The Last Judgment (Bosch triptych)

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The Last Judgment
Last judgement Bosch.jpg
Artist Hieronymus Bosch
Year c. 1482
Type Oil-on-wood triptych
Location Academy of Fine Arts, Vienna

The Last Judgment is a triptych by Hieronymus Bosch, created after 1482.

The triptych currently resides at the Academy of Fine Arts in Vienna, Austria. The outside of the shutters panel are painted in grisaille on panel, while the inside shutters and the center panel are painted in oil. The left and right panels measure 167.7 x 60 cm and the center panel measures 164 x 127 cm. It is not to be confused with either a fragmented piece of art by Bosch under the same title (now at Munich), or another full painting by Bosch, possibly by a painter in his workshop.[1]

The left panel shows the Garden of Eden, at the top God is shown seated in Heaven while the Rebel Angels are cast out of Heaven are transformed into insects. At the foot of the panel, God creates Eve from the rib of Adam. In the midground Eve is tempted by the Serpent, while the couple are finally seen being chased by the Angel into the dark forest, in the central panel where Jesus judges the souls while surrounded by the Saints. The right panel shows a Hellscape, where the wicked are punished.

Provenance[edit]

The closed triptych.

The oldest mention of the painting is in a 1659 inventory of Archduke Leopold Wilhelm of Austria's collection, as by "Hieronimo Bosz". In the late 18th century, the work was acquired by count Lambert-Spritzenstein, from whom it later went to the current location. In the 17th-18th centuries, the triptych has been widely repainted and has lost part of the colors[citation needed].

Some art historians[2] identified this work as that acquired by Philip I of Castile in 1504, while others deny this. Dendrochronologic analysis proved that the painting was executed not before 1482[2] There is copy of the work, attributed to Lucas Cranach the Elder, in the Gemäldegalerie of Berlin.

Description[edit]

The painting's composition has similarities with the Haywain Triptych or the Garden of Earthly Delights: both also show the Garden of Eden in the left panel and the Hell at right. The central panel depicts a Last Judgement, in a more obscure atmosphere than the Hell one.

Shutters[edit]

Like in other contemporary Flemish triptychs, the shutters are externally painted in grisaille, depicting two saints. At left is St. James in pilgrimage within an wicked land with a hung man (perhaps a reference to some episode in the Golden Legend; at right is instead St. Bavo, the patron of Flanders, donating to the poor with his hawk on his left wrist.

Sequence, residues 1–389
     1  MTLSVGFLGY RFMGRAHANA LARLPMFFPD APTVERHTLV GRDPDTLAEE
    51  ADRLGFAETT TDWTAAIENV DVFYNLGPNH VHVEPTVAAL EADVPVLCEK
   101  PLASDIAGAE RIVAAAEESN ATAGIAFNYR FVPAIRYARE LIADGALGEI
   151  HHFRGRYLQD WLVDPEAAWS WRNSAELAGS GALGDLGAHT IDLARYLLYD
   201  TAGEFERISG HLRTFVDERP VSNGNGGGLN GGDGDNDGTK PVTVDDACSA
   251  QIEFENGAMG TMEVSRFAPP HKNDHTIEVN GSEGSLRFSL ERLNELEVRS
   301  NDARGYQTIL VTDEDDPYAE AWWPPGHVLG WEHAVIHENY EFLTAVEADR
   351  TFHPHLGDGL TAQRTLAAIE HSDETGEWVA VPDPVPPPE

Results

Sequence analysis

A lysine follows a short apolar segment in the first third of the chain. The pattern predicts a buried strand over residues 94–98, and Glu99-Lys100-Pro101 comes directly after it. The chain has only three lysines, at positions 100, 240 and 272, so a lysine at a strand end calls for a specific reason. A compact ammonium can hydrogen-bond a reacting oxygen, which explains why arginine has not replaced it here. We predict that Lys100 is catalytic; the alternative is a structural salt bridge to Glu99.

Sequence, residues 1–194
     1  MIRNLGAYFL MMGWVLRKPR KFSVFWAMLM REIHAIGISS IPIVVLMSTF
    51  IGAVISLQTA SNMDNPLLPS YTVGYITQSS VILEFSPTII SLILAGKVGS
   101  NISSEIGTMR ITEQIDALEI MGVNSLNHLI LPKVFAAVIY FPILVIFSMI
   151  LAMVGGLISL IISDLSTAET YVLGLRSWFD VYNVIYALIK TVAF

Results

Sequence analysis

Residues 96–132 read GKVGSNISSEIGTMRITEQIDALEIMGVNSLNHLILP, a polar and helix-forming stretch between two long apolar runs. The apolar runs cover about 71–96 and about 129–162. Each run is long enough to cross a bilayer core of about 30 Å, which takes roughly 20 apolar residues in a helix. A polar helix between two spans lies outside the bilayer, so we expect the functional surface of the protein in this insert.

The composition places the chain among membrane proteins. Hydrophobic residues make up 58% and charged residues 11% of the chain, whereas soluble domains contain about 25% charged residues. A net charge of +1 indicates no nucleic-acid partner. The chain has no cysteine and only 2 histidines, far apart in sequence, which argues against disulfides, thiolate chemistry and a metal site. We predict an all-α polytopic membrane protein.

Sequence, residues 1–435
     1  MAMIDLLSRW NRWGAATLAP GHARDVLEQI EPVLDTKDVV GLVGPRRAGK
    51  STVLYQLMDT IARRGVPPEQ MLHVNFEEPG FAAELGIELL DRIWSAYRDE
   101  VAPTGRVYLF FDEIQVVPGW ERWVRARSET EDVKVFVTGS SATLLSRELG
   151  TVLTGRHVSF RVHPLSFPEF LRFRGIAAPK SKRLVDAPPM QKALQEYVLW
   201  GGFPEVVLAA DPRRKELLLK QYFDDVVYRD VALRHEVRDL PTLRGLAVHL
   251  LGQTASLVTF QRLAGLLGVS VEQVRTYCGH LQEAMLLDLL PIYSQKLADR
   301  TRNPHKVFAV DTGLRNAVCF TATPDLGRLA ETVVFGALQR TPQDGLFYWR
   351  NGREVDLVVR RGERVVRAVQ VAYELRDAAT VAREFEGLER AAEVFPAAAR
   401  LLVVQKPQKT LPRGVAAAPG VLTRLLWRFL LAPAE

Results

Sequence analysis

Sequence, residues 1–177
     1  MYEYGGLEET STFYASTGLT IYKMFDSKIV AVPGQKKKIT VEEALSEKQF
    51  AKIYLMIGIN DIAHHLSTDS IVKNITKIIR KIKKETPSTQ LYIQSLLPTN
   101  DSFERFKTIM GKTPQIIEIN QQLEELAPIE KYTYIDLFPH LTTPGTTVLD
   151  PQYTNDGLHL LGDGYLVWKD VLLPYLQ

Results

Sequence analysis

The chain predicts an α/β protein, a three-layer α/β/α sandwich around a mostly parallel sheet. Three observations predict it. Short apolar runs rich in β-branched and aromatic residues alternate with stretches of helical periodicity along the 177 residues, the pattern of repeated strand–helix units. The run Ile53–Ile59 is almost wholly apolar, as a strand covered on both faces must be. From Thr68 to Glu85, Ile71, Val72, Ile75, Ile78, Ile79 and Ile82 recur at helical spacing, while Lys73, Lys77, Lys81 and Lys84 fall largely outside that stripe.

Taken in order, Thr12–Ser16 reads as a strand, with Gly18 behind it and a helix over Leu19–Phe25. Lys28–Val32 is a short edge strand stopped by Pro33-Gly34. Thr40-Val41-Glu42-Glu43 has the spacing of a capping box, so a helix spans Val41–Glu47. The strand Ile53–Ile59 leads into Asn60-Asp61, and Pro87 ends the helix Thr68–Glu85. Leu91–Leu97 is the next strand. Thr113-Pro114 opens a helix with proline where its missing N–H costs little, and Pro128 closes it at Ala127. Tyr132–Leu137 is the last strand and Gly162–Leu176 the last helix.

One of the characters in the latter panel, the old woman with a child, appears in a drawing attributed to Bosch, now in a San Francisco private collection.[2]

Detail of the left panel.

Left panel[edit]

The left panel depicts the Garden of Eden of the biblical history, depicted has a green landscape in the lower three-quarters. In the upper section Bosch portrayed God sitting on his throne, surrounded by a luminous halo.[2] Around him is a cloudy sky, with angels fighting rebellious angels who are turning into devils as they fall.

Below are, reading from the bottom, God creating Eve from Adam's rib, with Adam sleeping at her feet; the Serpent tempting Even and the tree of the knowledge of good and evil; and, finally, Adam and Eve expelled from the Garden by an angel, who holds a sword, into a dark forest.[2]

Central panel[edit]

The central painting depicts a Last Judgement, basing on John's Book of Revelation. Above is Christ as a judge, surrounded by Mary, St. John the Evangelist and the apostles. The celestial zone, painted in a bright blue, contrasts with the rest of the panel, which is occupied by a dark brownish punishment of the Damned, while the Blessed occupy only a small portion.

The central Last Judgement.

The punishments come from monstrous creatures of Hell: the damned are burned, speared, impaled, hung from butcher hooks, forced to eat impure food (the Gluttonous), or subjects to cogs of bizarre machines. This scene has strong similarities with the right panel in Bosch's Garden at the Museo del Prado.

Right panel[edit]

Thematically, the hell at right is not different from the Last Judgement.[3] Satan, in the center, receives the damned souls. The torture scenes continue in this panel, within a dark landscape dominated by flames and devilish figures.

See also[edit]

Notes[edit]

  1. ^ WGA.hu
  2. ^ a b c d e Varallo, Franca (2004). Bosch. Milan: Skira. 
  3. ^ Romano, Eileen (2005). Bosco. Unidad Editorial. ISBN 84-89780-69-2. 

Sources[edit]

  • Romano, Eileen (2005). Bosco. Unidad Editorial. ISBN 84-89780-69-2. 
  • Varallo, Franca (2004). Bosch. Milan: Skira.